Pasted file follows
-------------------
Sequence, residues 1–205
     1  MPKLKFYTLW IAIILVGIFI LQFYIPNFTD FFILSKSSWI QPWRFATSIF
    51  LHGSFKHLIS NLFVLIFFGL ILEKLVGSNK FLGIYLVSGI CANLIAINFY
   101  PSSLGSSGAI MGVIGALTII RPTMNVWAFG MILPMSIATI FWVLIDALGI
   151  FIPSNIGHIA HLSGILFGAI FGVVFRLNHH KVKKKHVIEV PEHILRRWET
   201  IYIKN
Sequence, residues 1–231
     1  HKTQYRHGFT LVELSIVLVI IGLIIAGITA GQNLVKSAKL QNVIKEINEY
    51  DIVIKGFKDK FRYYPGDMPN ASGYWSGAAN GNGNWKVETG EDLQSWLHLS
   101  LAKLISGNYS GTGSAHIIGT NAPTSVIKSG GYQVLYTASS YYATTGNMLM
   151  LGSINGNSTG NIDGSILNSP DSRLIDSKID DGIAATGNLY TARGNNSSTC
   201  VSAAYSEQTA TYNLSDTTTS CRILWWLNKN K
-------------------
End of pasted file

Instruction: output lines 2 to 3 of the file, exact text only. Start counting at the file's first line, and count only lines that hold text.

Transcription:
     1  MPKLKFYTLW IAIILVGIFI LQFYIPNFTD FFILSKSSWI QPWRFATSIF
    51  LHGSFKHLIS NLFVLIFFGL ILEKLVGSNK FLGIYLVSGI CANLIAINFY